“I’d like a better price, not more coffee. Since I have to put the stand together,” Nazy continued, undeterred, “you should pay me for that work. $50 is my final offer.”

“$90 — best price — and I’ll give you very simple assembly instructions.”

“I will think about it.” Nazy replied.

‘I will think about it.’ means ‘No’,” I thought.

We need to find a new workshop,” Nazy exclaimed (loudly) as we left the shop. “He thought that we’d pay anything for that stand.”

A quick internet search pointed us in the direction of the Gemmayzeh district. We told Darius and Christiane that we’d meet them for lunch.

“How will you get to
Gemmayzeh?” Darius asked.

“We will take a taxi. The standard fare is $10.” I replied.

“You can wait for us. I’ll take you.”

“We can handle it Dar,”

“You might get lost.”

“And it might rain. A meteor may hit our cab. Don’t worry, we’ll cope.”

“Get the phone number of the store and have the cab driver call them.”

Dar!” I exclaimed. “I have traveled all over the world. I’m certain that I can get a cab to take me to a CNN-recommended craft shop.”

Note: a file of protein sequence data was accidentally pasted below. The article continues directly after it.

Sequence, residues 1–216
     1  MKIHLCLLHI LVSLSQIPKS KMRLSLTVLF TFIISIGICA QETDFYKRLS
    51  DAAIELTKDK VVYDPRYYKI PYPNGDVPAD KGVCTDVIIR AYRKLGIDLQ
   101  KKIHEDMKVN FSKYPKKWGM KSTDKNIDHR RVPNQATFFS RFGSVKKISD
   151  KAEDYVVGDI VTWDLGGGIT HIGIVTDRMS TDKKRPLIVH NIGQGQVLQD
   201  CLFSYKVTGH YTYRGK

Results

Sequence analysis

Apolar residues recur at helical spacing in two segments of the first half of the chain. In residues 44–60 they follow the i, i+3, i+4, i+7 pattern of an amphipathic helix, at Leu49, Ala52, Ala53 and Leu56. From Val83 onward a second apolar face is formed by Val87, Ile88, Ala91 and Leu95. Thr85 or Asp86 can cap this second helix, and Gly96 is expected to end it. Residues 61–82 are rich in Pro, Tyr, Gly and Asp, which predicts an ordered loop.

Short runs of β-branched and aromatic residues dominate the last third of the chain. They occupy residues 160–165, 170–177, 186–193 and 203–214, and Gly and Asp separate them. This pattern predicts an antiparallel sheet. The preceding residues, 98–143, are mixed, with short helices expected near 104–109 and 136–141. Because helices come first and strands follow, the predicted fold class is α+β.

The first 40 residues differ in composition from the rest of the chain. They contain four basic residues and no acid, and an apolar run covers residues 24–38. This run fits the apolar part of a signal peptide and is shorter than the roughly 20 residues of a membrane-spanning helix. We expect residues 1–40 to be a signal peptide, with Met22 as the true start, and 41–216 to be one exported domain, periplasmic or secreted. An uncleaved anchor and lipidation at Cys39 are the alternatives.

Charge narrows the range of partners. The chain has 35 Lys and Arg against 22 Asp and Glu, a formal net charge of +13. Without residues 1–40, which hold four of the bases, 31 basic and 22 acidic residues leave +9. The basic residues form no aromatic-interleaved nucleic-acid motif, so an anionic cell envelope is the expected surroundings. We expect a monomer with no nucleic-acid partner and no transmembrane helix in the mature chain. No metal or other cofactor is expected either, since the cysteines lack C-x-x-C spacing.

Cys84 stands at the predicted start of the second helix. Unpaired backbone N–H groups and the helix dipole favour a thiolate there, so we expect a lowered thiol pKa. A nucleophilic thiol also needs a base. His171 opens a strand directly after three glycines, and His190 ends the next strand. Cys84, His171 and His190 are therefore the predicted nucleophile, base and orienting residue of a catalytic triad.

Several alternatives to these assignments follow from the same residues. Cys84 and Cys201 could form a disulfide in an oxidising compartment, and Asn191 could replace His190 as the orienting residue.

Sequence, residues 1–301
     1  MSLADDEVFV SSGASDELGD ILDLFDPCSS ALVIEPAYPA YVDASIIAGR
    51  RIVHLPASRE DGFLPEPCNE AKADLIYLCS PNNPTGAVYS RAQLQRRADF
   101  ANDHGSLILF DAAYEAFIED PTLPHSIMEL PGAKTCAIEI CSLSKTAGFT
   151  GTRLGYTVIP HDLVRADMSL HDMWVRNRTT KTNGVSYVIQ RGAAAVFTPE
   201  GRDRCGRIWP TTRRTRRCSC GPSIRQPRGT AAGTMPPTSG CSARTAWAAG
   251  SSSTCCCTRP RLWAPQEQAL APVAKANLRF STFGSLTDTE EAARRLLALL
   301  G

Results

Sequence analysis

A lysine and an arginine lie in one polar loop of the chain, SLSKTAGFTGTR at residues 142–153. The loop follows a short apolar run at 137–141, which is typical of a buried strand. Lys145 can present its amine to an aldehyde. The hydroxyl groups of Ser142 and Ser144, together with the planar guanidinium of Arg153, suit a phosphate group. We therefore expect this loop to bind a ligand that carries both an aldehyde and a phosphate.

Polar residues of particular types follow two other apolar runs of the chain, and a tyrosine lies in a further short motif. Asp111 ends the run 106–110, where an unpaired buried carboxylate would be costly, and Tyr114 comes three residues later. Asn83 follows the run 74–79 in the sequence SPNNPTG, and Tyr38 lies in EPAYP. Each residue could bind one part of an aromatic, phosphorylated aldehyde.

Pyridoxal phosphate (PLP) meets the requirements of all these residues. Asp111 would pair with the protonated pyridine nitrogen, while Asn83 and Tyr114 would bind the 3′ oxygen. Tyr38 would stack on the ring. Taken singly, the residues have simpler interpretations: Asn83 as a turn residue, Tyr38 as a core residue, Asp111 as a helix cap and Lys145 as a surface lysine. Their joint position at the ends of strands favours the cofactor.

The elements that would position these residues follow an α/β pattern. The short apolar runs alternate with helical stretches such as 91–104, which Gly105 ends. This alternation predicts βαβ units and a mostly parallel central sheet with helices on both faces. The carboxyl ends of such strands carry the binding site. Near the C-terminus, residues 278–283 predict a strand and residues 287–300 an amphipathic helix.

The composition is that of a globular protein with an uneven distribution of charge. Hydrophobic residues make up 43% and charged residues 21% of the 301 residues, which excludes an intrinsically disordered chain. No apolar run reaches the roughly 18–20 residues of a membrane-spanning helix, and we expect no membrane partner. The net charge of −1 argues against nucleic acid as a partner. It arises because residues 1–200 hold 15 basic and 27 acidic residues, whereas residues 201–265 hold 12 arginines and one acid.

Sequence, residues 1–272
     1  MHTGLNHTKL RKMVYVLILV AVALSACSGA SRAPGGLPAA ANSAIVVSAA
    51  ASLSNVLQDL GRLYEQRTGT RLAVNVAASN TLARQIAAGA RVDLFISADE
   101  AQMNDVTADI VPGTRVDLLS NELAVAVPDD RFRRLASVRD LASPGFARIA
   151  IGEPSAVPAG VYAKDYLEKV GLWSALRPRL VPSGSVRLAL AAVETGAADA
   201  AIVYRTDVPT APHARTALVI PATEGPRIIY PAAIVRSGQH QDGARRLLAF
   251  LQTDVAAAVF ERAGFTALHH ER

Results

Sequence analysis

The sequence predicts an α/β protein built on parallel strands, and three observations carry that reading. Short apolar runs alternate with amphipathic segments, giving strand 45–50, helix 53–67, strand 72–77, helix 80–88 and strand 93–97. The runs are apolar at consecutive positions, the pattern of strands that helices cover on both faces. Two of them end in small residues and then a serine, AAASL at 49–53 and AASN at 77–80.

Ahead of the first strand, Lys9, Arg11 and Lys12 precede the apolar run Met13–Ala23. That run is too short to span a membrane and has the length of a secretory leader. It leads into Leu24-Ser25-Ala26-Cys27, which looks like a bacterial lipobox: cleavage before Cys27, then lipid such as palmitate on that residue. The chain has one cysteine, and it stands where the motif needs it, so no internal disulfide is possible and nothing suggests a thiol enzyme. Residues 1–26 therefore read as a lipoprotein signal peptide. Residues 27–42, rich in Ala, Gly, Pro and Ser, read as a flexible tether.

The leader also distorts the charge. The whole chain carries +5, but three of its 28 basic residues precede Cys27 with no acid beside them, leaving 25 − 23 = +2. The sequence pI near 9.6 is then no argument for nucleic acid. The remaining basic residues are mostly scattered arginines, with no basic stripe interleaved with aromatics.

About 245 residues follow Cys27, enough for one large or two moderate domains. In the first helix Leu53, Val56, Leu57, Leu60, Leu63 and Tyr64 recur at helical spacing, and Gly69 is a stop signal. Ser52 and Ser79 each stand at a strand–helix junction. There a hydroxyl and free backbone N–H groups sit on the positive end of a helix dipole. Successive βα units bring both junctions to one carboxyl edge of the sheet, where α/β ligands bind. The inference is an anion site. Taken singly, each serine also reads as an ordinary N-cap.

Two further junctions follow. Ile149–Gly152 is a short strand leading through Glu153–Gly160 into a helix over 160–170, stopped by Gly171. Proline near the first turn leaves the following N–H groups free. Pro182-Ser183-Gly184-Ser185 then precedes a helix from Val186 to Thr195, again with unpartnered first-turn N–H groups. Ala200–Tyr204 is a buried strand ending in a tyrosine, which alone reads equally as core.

Door to Darius' apartment

“We’ll be right there. Just wait!”

We didn’t wait. We negotiated with a taxi driver in Hamra:

“Gemmayzeh?” He asked.

“Right. Pasteur Street.”

“Gemmayzeh?” The cab driver repeated.

“Precisely. $10!” Nazy interjected.

“Gemmayzeh? Paul?”

“Who’s Paul?” I asked.

We hopped in and took a taxi
directly to the general vicinity of our destination. However, Nazy and I eventually found the shop. On the way to join us, Darius and Christiane stopped by their new apartment to get the keys which weren’t quite ready.

We had dinner by the sea (they do seaside cuisine very well in Lebanon). On our last day in Lebanon, Darius stopped at the new apartment on the way to pick us up. (The keys were almost ready.) We did a bit more sightseeing and shopping, stopped by the new apartment to get the keys which were (surprise!) ready. We visited Christiane’s parents and then were joined by Christiane’s sister Aline at a great dinner in
La Creperie in Jounieh, a small city about 10 miles north of Beirut. The crepes were wonderful and the setting was spectacular. The only thing left to do was get home.